Posted by The Bush Institute on October 27, 2014
While North Korea has been in the headlines recently, some of the most alarming statistics about the country aren’t getting the attention they deserve. Here are 5 key facts you should know:
North Korea is one of the least free places on earth.
According to Freedom in the World, an assessment of political rights and civil liberties published by Freedom House, North Korea is classified as “not free” and as one of 10 nations whose lack of political rights and civil liberties are considered the “worst of the worst.”
The country has maintained political prison camps for 50 years.
There are 4 known fully operational political prison camps there now, but their existence is denied by the North Korean regime. Some prison camps are three times the size of Washington, D.C.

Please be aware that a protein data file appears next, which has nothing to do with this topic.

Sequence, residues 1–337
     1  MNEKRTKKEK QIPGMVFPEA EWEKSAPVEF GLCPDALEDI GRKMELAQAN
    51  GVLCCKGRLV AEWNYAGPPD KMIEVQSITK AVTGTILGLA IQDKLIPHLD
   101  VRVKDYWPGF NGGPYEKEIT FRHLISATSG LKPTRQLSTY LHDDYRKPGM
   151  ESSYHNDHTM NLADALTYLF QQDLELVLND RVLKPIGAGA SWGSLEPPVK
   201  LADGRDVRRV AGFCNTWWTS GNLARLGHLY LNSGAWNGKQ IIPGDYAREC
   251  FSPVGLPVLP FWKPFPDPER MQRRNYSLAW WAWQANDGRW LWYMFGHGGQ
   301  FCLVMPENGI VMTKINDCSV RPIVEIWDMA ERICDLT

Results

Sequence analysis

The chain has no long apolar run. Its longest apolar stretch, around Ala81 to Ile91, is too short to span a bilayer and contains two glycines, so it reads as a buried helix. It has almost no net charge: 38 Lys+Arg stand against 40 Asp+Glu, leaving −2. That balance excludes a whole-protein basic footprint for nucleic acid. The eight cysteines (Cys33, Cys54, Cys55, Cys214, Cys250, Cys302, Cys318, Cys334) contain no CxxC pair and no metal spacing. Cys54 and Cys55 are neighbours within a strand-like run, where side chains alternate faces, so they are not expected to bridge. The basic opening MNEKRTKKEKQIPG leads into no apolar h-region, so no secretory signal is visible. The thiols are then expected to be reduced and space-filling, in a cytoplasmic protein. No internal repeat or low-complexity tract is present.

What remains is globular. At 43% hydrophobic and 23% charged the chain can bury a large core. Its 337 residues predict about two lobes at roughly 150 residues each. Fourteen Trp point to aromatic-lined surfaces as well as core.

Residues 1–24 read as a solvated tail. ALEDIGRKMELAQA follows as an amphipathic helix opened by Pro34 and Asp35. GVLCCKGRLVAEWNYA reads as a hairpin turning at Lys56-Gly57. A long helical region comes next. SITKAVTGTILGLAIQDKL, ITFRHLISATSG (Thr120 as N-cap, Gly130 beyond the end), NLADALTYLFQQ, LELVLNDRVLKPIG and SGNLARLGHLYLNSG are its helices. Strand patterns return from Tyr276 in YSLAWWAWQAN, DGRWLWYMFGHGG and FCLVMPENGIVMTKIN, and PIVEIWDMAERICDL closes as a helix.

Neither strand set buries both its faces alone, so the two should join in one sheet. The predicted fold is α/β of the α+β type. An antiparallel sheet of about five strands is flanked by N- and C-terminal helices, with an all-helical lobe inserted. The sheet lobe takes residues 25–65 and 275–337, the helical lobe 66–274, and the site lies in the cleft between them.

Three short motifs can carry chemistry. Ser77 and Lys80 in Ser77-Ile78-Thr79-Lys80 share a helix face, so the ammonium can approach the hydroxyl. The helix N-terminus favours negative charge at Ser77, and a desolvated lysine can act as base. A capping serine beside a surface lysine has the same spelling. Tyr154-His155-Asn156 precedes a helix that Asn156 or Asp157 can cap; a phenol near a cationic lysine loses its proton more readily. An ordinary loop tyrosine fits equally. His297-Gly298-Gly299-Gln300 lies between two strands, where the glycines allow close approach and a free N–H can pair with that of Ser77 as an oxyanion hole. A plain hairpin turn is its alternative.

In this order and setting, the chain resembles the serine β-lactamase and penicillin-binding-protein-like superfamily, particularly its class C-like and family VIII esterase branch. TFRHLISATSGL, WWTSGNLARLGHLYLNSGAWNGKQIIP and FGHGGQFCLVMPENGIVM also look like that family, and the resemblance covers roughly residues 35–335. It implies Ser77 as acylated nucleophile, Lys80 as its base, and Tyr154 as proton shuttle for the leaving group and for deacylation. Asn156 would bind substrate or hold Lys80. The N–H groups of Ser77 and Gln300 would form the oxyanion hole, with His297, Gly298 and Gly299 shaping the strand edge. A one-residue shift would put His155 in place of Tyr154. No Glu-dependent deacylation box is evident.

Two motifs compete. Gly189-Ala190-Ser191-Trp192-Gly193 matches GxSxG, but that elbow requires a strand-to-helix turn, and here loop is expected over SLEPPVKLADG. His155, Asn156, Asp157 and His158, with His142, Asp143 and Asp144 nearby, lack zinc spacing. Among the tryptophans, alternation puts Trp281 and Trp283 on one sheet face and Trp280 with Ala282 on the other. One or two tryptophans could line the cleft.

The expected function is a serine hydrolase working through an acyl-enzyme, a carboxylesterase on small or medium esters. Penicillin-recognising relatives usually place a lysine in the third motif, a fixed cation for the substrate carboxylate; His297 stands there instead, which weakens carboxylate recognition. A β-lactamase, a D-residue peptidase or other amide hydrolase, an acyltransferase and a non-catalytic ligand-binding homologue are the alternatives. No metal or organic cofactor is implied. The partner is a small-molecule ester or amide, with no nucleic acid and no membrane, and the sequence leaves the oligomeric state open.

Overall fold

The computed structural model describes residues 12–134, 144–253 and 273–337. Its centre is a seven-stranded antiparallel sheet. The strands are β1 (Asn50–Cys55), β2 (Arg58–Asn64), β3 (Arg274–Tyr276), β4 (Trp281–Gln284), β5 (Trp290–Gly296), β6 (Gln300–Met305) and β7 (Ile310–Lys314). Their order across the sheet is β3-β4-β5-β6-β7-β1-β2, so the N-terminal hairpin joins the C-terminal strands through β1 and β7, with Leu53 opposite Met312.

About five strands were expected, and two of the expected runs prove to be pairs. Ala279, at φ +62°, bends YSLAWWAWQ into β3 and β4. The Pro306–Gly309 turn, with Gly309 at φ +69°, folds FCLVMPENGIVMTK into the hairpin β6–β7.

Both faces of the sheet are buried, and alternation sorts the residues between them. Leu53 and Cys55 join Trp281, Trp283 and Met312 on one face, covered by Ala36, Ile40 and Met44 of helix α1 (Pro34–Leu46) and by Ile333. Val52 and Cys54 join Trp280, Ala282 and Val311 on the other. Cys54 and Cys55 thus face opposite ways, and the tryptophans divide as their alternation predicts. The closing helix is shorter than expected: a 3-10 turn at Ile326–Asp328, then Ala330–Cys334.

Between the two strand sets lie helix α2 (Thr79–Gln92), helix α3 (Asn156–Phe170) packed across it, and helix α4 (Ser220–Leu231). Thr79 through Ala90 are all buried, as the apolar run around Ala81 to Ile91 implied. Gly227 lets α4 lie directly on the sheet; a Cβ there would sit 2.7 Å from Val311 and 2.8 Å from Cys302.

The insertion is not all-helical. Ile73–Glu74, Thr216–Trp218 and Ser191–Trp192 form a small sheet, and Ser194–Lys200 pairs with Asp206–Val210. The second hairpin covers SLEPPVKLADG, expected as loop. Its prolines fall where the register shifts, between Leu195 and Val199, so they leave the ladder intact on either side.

As many as 130,000 men, women, and children are imprisoned in North Korea’s system of gulags.
In other words, out of 24 million North Koreans, 1 in 185 is a political prisoner.
“Offenses” that can condemn North Koreans to gulags are not really crimes.
An “offense” in North Korean is often something not punishable, or even second-guessed, in other countries. Offenses can include: listening to a radio station or watching a movie that isn’t approved, practicing a religion, expressing criticism of the government, or leaving the country without permission. Even family ties might be an offense – whole families are incarcerated for the offenses of a single family member for up to three generations. There are no formal charges and there is no trial by jury. One may be abducted and tortured into confession.
Prisoners of North Korean gulags are the victims of real crimes against humanity.
Conditions within the gulags are inhumane. Prisoners often suffer from starvation, poor sanitation, and physical deformities from years of forced labor. There is no contact with the outside world, and there are public executions for those who try to escape.
Sources: Freedom House, Committee for Human Rights in North Korea, Report of the Commission of Inquiry on Human Rights in the Democratic People’s Republic of Korea